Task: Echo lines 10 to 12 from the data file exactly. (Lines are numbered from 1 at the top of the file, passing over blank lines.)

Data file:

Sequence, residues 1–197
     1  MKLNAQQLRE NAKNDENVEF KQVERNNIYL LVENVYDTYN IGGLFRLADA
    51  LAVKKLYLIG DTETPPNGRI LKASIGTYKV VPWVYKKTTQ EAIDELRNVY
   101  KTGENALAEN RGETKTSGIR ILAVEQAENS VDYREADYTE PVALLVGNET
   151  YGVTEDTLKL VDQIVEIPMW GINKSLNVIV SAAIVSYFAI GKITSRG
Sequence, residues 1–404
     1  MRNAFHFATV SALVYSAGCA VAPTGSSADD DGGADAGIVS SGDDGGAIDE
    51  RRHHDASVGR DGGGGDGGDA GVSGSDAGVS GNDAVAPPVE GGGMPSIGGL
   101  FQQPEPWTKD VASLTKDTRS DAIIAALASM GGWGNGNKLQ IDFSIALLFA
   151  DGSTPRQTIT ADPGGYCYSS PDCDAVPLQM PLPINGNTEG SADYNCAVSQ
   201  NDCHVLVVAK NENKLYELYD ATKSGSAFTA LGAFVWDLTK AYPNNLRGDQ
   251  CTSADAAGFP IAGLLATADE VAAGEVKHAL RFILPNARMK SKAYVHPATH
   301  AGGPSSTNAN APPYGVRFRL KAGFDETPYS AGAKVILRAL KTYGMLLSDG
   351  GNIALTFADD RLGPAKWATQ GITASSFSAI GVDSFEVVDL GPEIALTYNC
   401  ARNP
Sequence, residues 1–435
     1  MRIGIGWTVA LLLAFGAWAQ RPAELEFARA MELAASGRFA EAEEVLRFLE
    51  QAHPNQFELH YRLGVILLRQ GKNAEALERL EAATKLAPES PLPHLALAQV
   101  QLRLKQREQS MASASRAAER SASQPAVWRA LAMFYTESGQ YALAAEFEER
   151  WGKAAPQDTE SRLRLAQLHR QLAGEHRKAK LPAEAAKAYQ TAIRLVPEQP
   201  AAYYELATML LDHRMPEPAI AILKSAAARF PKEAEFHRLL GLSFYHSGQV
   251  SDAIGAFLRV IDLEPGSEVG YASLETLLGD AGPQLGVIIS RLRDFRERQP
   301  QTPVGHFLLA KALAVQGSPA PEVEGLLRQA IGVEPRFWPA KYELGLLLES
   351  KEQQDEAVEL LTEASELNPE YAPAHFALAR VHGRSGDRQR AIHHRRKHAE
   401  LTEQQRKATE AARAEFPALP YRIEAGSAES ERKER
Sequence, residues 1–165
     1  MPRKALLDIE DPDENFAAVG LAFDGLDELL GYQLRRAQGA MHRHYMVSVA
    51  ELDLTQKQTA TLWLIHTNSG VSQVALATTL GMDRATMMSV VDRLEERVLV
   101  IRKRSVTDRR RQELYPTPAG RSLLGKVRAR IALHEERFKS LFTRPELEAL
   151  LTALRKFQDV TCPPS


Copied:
   151  DGSTPRQTIT ADPGGYCYSS PDCDAVPLQM PLPINGNTEG SADYNCAVSQ
   201  NDCHVLVVAK NENKLYELYD ATKSGSAFTA LGAFVWDLTK AYPNNLRGDQ
   251  CTSADAAGFP IAGLLATADE VAAGEVKHAL RFILPNARMK SKAYVHPATH